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What: Egon Schiele Exhibition
Where: Albertina Museum, Vienna
During my last visit to Vienna, I went to the current special exhibition by the painter Egon Schiele. The Vienna Albertina has one of the largest collections of Schiele. At the beginning of the 2018 commemorative year, which marks the 100th anniversary of Schiele’s death, the Albertina now presents a comprehensive exhibition from its collection of Egon Schiele’s work. It presents 180 of his most beautiful gouaches and drawings, dealing with themes such as the existential loneliness of man in drastic contrast to the values of the society of Fin de Siècle.
In addition to his memories of the time in the Austrian town of Krumau and various self-portraits, the Schiele exhibition contains numerous representations of children and acts of young girls. The children came from the street, from the working class milieu and Schiele staged them in his pictures as “aesthetic material”, not as an idealized form of eroticism. Although surprisingly many artists of his time – including the painters Oskar Kokoschka and Gustav Klimt – paid homage to the ideal of the child. In my opinion, this kind of representation has something disturbing and abnormal.
At the same time Schiele’s drawings reveal the suffering and the adverse living conditions of the poor population in the nineteenth century. His pictures are not pleasing, but go away from the aesthetics of the beautiful to the ugly. While Schiele is regarded as part of the artistic and intellectual elite of the turn of the century, the staging of the exhibition in the Albertina follows a different principle: large, floating pictures confront the artist’s radical work with the reality of his environment. They form the real background, which illustrates the discrepancy between Schiele’s work and the surrounding society. And that is equally impressive and shocking. BvH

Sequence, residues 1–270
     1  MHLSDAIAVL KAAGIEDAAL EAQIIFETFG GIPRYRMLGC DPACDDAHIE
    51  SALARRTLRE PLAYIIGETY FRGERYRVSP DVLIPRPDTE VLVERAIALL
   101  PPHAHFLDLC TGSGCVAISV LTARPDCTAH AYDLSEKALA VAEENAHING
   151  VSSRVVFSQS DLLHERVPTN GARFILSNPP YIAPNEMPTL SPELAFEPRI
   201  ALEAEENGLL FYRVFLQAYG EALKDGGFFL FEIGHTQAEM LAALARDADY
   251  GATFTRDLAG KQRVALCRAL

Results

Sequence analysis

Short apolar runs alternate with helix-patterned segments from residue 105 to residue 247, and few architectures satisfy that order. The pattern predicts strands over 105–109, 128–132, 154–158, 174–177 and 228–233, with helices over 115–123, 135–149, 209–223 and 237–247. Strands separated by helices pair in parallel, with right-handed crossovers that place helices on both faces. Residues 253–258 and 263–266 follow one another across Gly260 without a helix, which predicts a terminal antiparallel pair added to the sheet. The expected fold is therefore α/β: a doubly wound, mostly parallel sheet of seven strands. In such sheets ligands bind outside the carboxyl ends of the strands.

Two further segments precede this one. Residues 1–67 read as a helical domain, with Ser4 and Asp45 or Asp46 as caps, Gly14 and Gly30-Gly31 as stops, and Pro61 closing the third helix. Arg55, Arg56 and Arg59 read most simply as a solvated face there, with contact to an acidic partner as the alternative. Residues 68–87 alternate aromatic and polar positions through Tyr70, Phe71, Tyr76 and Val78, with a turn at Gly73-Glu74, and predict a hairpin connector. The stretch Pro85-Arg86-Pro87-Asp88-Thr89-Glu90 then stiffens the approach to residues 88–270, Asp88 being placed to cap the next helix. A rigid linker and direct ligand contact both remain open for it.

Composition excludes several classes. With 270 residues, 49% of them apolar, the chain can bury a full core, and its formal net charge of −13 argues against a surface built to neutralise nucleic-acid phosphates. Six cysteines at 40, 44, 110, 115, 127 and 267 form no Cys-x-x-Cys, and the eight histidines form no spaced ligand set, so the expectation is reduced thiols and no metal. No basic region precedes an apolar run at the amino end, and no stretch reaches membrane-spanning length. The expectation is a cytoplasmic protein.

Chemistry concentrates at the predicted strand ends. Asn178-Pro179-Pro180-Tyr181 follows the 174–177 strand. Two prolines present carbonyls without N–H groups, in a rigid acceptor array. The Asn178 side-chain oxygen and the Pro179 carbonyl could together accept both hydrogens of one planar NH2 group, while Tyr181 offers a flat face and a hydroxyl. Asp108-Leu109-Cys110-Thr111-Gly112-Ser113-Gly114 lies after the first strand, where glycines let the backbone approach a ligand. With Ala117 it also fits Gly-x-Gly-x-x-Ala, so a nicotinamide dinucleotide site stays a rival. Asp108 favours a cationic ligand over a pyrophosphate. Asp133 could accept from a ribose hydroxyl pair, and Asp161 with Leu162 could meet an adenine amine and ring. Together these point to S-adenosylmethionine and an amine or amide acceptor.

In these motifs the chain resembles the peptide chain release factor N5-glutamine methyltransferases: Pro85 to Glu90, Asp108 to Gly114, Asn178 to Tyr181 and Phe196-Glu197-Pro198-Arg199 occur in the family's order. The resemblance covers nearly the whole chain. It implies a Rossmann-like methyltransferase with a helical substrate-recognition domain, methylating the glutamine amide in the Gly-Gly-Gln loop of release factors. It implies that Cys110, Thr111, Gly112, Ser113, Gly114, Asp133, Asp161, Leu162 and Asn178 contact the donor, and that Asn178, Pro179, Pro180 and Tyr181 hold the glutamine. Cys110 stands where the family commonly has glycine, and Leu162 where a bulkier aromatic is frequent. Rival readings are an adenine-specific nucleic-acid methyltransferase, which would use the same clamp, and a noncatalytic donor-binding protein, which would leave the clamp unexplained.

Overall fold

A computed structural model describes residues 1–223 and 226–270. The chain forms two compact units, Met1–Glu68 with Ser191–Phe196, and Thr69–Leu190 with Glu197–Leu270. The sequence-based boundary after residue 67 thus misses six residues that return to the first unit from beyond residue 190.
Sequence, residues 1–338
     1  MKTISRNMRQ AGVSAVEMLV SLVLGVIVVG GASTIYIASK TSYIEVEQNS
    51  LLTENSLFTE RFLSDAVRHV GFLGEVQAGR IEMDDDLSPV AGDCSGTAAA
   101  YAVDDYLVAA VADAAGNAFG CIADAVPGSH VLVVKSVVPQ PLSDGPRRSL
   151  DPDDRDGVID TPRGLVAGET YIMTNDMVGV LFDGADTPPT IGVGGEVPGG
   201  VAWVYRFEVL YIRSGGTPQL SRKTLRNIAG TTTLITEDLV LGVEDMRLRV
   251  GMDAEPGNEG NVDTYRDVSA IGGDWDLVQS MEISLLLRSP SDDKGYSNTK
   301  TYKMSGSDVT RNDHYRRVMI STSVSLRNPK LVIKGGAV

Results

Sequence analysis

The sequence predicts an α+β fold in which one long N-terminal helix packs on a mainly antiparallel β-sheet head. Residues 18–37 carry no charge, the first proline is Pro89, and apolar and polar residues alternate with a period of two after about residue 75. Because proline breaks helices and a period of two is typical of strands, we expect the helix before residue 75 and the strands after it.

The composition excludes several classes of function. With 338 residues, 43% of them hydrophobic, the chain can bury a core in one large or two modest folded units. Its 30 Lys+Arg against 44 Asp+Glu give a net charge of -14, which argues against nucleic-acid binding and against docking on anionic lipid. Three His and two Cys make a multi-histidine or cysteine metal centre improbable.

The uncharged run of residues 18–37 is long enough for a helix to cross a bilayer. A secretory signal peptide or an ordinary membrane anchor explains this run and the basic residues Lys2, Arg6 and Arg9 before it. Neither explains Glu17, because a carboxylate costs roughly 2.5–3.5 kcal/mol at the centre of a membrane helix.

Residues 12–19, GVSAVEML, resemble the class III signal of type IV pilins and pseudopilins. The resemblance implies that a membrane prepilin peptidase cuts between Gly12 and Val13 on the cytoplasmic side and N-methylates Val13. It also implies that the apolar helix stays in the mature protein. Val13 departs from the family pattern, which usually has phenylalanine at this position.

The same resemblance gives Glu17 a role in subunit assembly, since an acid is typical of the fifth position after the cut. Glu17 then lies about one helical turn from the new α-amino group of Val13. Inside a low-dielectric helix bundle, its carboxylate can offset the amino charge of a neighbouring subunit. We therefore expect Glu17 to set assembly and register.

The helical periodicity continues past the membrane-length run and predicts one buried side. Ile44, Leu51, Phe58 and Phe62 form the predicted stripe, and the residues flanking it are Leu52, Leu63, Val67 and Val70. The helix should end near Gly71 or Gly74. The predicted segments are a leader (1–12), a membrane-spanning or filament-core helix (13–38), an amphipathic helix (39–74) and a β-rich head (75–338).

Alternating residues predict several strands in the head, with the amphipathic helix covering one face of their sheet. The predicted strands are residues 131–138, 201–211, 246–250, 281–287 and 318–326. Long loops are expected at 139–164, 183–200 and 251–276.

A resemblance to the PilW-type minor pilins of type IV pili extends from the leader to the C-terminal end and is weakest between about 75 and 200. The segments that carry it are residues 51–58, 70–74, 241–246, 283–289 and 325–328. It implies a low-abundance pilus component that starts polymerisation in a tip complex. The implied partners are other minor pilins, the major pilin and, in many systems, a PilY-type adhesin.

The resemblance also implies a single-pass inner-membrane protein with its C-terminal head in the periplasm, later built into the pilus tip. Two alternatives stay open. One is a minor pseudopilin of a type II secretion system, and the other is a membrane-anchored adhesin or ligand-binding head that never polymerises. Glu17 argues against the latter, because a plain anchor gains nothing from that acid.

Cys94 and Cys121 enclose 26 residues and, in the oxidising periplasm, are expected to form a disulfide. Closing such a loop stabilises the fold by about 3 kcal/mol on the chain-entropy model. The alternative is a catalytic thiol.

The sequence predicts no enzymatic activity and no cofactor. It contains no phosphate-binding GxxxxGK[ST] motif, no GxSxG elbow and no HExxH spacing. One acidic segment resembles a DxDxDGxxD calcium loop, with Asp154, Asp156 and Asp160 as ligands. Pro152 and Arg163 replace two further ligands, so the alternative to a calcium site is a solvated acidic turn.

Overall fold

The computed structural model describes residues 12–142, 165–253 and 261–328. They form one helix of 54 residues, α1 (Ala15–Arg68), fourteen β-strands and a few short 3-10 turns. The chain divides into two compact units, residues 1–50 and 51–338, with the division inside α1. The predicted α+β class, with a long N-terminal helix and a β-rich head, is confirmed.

About Egon Schiele:
Egon Schiele was born in 1890 in Tulln, Lower Austria. Early on, his painterly talent became apparent, and he was admitted to the Vienna Academy of Fine Arts in 1906, with just 16 years. After two years, Schiele left the academy – disappointed with the rigid Academy Day – and founded the Viennese Neukunstgruppe with some fellow students. In 1911 he moved from Vienna to Krumau, together with his most famous model, the then 17-year-old Wally Neuzil. An artistically productive period began. The old town of Krumau became Schiel’s favorite motif. His lifestyle, however, was regarded as offensive with Wally because of the “wild marriage”. The visits of children to Schiele’s studio brought him to trial for alleged abuse for 24 days.
In 1912 he returned to Vienna. Thanks to his patron and paternal friend, the painter Gustav Klimt, he was able to re-establish himself quickly in Vienna and again enjoyed great success in the Austrian art scene. In 1915 Schiele married his longtime friend Edith Harms. Edith demanded from Schiele the break with Wally Neuzil, which he did, with heavy heart. In 1918 Egon Schiele was dedicated to the 49th exhibition of the Vienna Secession, where he exhibited 19 large paintings and 29 drawings. Toward the end of the First World War the Austrian capital was overrun by the Spanish flu. Edith Schiele, who was pregnant in the sixth month, succumbed to this illness in the autumn of 1918. Schiele had stuck up and died only three days later with only 28 years.
Egon Schiele in the Albertina
“Between Modernity and Tradition”: 22 February to 18 June 2017